If there is any doubt about Hyde’s enmity to Clinton it was evident in his burst of temper when he accused the White House of revealing his extra-marital affair and demanded an F.B.I. investigation. Rabbi Mark Levin in the Kansas City Star said: “The F.B.I. is a powerful tool. Charges of impeachment were threatened against President Nixon for misuse of his power to use the F.B.I. to investigate individuals. Let us not again walk that path of F.B.I. investigations to control perceived political enemies and chill political debate.”
An article in the September 18 New York Times reveals another conflict of interest. It said that Speaker Newt Gingrich was publicly acting as an “impartial observer in waiting for the Judiciary Committee to sort out the facts and set the policy on how to deal with President Clinton. . . . But behind the scenes, other Republican lawmakers said, not a step is taken or a decision made without the approval of Mr. Gingrich, possibly the most partisan and certainly the most dominant Speaker in the last generation.”
Anyone who knows the order of Presidential succession knows that if the President is removed and anything happens to prevent the Vice-President from becoming President, the Speaker of the House would become President. So Gingrich may not be objective in any impeachment decision.
A new slant on Monica Lewinsky appeared in the September 15 New York Times. She took the initiative to get involved with the President. The writer Katie Roiphe said the issue was not sex, but power. “A close reading of the Starr report reveals that Ms. Lewinsky was not just attracted to a man in power, she was attracted to power itself. Her love notes to the President included suggestions on education reform and she says that she often chatted with him about her ideas on how the country should be run.” Roiphe added, “She felt that she was owed a job” if she “did not reveal her intimate relationship. ‘I don’t want to work for this position. I just want it to be given to me,’ she said in a recorded conversation.”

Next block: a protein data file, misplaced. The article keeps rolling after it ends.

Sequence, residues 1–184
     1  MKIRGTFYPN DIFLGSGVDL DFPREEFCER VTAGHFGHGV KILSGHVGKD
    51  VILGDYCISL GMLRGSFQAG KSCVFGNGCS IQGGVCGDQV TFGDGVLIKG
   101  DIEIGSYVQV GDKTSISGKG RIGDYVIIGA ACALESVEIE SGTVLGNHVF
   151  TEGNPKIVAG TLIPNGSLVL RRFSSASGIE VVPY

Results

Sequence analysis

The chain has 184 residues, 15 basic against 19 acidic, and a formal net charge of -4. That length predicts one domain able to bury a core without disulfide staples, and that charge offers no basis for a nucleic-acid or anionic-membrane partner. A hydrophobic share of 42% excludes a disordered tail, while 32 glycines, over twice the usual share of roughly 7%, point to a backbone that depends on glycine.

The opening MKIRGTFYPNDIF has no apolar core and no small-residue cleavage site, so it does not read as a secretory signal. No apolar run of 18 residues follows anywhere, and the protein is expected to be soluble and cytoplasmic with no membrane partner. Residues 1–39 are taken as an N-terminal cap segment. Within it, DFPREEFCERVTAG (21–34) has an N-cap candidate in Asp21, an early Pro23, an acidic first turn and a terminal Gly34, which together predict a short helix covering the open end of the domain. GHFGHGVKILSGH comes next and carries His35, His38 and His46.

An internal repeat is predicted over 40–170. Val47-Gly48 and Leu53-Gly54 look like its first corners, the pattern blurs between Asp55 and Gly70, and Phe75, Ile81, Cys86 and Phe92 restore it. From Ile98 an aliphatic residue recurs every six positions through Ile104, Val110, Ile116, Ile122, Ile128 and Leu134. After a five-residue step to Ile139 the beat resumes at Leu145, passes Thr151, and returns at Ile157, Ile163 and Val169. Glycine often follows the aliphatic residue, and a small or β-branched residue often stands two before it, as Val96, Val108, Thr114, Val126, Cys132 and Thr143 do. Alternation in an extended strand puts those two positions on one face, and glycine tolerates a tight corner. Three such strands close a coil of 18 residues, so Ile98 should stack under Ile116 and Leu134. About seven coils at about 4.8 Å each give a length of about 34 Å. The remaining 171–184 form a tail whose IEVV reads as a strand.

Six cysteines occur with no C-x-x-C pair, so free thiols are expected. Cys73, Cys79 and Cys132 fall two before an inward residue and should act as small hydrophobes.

Lewinsky wanted to work in the White House “and according to her own account, she cried, threatened and cajoled the President into getting her a better job, if not in the White House, then in New York.” Roiphe, the Times writer, concludes that Monica Lewinsky was using sex for “professional advancement.” She wrote, “Surprisingly Large portions of the [Starr] report are devoted to Monica Lewinsky’s career pursuits.”
Nevertheless, Clinton was stupid to become involved in admittedly an immoral relationship. According to the report he rejected intercourse and terminated the relationship over her protest.
Finally, much has been written about the Christian Coalition’s outrage at the sexual revelations of Clinton’s relationship to Lewinsky. The Republican members of Congress who are captives of the Catholic and Protestant right wing, like Pat Robertson and other “family values” propagandists, have not accepted Clinton’s repentance and appeal for forgiveness. Nor do they pay much attention to the Biblical record. The central figure throughout the Bible is David, the leading political and military leader. His sexual involvements were described in detail beginning with his passionate love for Jonathan and including his sexual relationship with Bathsheba, the wife of Uriah, who bore him a son. David arranged for Uriah to die in battle and then married Bathsheba. According to the biblical account, God was displeased with what David had done but continued to accept David; and in Acts 13:22 God found David “a man after my heart, who will do all my will.”